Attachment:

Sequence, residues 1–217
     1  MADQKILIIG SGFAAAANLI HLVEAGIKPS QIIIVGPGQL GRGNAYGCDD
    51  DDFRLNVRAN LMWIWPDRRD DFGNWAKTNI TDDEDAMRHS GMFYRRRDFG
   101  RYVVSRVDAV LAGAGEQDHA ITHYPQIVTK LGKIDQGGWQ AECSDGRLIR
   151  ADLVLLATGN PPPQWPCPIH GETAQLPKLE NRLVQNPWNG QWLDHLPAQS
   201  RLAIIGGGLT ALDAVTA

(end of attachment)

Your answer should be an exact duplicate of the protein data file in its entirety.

Sequence, residues 1–217
     1  MADQKILIIG SGFAAAANLI HLVEAGIKPS QIIIVGPGQL GRGNAYGCDD
    51  DDFRLNVRAN LMWIWPDRRD DFGNWAKTNI TDDEDAMRHS GMFYRRRDFG
   101  RYVVSRVDAV LAGAGEQDHA ITHYPQIVTK LGKIDQGGWQ AECSDGRLIR
   151  ADLVLLATGN PPPQWPCPIH GETAQLPKLE NRLVQNPWNG QWLDHLPAQS
   201  RLAIIGGGLT ALDAVTA